In 2018 – French Quarter Festival celebrates its 35th Anniversary; Christmas New Orleans Style celebrates its 34rd anniversary; and Satchmo SummerFest celebrates its 18th anniversary.
French Quarter Festival was first produced in 1984 as a way to bring residents back to the Quarter; following the World’s Fair and extensive sidewalk repairs in the French Quarter.
More than 1,500 community volunteers help to make the festival a success.
French Quarter Festivals, Inc. is a private, non-profit 501c(3) organization.
Chief sources of funding are: sponsorships, beverage and merchandise sales, vendor fees, and annual Gala.
More than 20 stages throughout the French Quarter celebrate local music and represent every genre from traditional and contemporary jazz to R&B, New Orleans funk, brass bands, folk, gospel, Latin, Zydeco, classical, cabaret, and international.
New Orleans great restaurants serve food and beverages in Jackson Square, the Louisiana State Museum’s Old U.S. Mint, JAX Brewery, and Woldenberg Riverfront Park during French Quarter Festival weekend; Satchmo SummerFest hosts New Orleans restaurants with Louis Armstrong-inspired dishes and great local cuisine. Louisiana restaurants are invited to participate in these festivals.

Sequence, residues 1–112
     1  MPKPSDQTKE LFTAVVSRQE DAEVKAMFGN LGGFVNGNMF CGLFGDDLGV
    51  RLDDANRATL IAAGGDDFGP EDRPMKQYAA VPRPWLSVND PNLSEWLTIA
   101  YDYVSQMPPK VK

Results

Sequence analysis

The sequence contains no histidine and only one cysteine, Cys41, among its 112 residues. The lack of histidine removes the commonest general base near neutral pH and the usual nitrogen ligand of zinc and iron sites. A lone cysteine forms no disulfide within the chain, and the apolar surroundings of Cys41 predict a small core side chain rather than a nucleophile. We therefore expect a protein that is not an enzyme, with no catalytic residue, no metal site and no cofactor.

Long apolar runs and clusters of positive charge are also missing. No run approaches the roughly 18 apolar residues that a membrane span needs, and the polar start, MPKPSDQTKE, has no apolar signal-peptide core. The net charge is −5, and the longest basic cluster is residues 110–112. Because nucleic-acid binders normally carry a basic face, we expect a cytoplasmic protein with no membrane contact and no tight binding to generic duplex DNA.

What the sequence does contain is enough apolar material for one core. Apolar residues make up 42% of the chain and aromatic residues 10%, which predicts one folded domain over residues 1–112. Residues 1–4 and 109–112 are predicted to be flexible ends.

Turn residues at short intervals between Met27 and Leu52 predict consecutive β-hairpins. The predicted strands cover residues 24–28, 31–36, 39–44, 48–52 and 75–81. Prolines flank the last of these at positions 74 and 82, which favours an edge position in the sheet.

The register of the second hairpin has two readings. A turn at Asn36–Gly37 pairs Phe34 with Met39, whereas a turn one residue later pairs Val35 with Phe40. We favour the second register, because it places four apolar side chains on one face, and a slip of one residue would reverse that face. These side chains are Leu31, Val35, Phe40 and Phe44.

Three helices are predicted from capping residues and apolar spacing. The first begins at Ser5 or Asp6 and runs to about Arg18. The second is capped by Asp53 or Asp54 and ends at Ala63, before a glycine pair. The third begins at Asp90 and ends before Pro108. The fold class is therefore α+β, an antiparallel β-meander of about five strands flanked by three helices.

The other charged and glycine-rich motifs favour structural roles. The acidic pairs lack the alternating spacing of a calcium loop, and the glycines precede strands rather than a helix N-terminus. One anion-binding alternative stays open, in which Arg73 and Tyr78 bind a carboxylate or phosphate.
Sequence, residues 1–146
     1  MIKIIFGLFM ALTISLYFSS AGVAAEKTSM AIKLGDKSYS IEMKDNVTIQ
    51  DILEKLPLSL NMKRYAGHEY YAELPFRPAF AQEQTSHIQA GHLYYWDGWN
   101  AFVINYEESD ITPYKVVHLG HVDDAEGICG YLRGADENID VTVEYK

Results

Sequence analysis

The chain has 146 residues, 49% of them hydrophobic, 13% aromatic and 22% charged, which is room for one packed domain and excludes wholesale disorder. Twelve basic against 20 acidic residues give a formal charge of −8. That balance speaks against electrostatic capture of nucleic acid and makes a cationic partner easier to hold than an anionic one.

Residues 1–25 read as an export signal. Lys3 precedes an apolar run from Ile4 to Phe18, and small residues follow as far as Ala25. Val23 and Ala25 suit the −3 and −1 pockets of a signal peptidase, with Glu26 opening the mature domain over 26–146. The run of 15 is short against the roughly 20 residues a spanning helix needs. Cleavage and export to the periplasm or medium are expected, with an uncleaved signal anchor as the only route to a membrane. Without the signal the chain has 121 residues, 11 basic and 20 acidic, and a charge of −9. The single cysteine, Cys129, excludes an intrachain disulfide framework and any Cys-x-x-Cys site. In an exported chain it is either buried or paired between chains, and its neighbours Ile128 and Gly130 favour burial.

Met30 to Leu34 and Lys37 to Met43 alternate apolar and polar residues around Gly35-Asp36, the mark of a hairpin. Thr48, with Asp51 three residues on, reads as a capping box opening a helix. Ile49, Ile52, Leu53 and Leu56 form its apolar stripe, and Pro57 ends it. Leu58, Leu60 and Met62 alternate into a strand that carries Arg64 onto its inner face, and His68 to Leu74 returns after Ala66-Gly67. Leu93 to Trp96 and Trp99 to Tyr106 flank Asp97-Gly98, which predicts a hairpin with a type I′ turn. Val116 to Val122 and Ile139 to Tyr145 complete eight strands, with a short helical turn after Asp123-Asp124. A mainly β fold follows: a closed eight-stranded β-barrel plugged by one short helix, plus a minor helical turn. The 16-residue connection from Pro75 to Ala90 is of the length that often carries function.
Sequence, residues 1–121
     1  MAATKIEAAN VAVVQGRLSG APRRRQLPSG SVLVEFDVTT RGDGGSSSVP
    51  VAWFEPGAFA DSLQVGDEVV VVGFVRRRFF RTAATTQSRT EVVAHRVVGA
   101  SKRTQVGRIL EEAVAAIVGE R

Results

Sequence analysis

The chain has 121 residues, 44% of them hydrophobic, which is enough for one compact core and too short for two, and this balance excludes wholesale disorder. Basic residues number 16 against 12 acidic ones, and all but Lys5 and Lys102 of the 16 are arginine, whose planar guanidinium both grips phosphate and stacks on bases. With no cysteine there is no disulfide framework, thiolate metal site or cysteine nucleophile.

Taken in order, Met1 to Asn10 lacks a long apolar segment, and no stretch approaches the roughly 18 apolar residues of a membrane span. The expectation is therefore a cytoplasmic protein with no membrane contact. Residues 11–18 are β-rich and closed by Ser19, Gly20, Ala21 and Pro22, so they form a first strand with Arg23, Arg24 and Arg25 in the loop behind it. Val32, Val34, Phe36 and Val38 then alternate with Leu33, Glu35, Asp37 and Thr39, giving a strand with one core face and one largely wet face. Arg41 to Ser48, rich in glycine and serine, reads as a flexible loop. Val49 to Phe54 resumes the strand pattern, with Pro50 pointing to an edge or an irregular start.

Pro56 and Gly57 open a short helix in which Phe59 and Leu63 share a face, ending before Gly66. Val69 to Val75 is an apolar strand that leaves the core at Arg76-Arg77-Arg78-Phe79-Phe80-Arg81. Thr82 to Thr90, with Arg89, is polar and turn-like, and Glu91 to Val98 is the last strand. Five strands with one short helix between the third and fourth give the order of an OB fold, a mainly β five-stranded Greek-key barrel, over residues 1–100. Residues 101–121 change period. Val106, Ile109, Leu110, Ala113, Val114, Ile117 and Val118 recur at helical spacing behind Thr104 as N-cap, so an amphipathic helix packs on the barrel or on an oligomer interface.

French Quarter Festival has been consistently voted “favorite festival”, “favorite food festival”, and “favorite event open to the public” by locals.
According to an analysis of the French Quarter Festival Visitors Survey conducted by The University of New Orleans (UNO) Hospitality Research Center, in 2017 French Quarter Festival generated a total economic impact of $190 million; the festival also generated a total of $15.8 million in tax revenue for state and local governments.
FQF employs more than 1,700 local musicians during Festival weekend
FQF hosts over 60 local restaurants which make up the “World’s Largest Jazz Brunch” at the Festival.
FQF employs only local companies during the Festival (sanitation, stages, sound, security, etc.). All money spent to produce the festival stays within the local economy.